The vibratory activities of the planetary Universe are governed by a law of periodicity. Everything that lives has periods of birth, growth, fruitage, and decline. These periods are governed by the Septimal Law.
The Law of Sevens governs the days of the week, the phases of the moon, the harmonies of sound, light, heat, electricity, magnetism, atomic structure. It governs the life of individuals and of nations, and it dominates the activities of the commercial world.
Life is growth, and growth is change, each seven years period takes us into a new cycle. The first seven years is the period of infancy. The next seven the period of childhood, representing the beginning of individual responsibility. The next seven represents the period of adolescence. The fourth period marks the attainment of full growth. The fifth period is the constructive period, when men begin to acquire property, possessions, a home and family. The next from 35 to 42, is a period of reactions and changes, and this in turn is followed by a period of reconstruction, adjustment and recuperation, so as to be ready for a new cycle of sevens, beginning with the fiftieth year.
There are many who think that the world is just bout to pass out of the sixth period; that it will soon enter into the seventh period, the period of readjustment, reconstruction and harmony; the period which is frequently referred to as the Millennium.
Those familiar with these cycles will not be disturbed when things seem to go wrong, but can apply the principle outlined in these lessons with the full assurance that a higher law will invariably control all other laws, and that through an understanding and conscious operation of spiritual laws, we can convert every seeming difficulty into a blessing.
1. Wealth is a product of labor. Capital is an effect, not a cause; a servant, not a master; a means, not an end.
2. The most commonly accepted definition of wealth is that it consists of all useful and agreeable things which possess exchange value. It is this exchange value which is the predominant characteristic of wealth.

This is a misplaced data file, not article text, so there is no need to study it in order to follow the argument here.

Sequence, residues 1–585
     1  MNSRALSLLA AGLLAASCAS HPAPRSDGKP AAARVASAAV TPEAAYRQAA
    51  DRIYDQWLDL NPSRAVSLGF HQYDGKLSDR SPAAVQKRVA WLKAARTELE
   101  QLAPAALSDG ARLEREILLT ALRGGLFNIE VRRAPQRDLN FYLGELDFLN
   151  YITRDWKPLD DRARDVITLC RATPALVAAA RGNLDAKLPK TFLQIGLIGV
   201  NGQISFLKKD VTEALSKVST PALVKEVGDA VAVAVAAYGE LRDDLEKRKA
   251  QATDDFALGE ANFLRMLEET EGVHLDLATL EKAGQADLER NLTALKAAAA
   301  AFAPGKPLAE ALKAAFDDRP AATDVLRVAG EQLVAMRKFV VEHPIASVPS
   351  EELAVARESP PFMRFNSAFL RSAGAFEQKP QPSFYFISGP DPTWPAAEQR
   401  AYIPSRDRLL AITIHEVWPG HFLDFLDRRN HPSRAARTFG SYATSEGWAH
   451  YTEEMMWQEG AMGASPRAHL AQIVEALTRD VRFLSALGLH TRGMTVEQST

3. When we consider the small addition made by wealth to the happiness of the possessor, we find that the true value consists not in its utility but in its exchange.
4. This exchange value makes it a medium for securing the things of real value whereby our ideals may be realized.
5. Wealth should then never be desired as an end, but simply as a means of accomplishing an end. Success is contingent upon a higher ideal than the mere accumulation of riches, and he who aspires to such success must formulate an ideal for which he is willing to strive.
6. With such an ideal in mind, the ways and means can and will be provided, but the mistake must not be made of substituting the means for the end. There must be a definite fixed purpose, an ideal.
7. Prentice Mulford said: "The man of success is the man possessed of the greatest spiritual understanding and every great fortune comes of superior and truly spiritual power." Unfortunately, there are those who fail to recognize this power; they forget that Andrew Carnegie's mother had to help support the family when they came to America, that Harriman's father was a poor clergyman with a salary of only $200 a year, that Sir Thomas Lipton started with only 25 cents. These men had no other power to depend upon, but it did not fail them.
8. The power to create depends entirely upon spiritual power; there are three steps, idealization, visualization and materialization. Every captain of industry depends upon this power exclusively. In an article in Everybody's Magazine, Henry M. Flagler, the Standard Oil multi-millionaire, admitted that the secret of his success was his power to see a thing in its completeness. The following conversation with the reporter shows his power of idealization, concentration and visualization, all spiritual powers:
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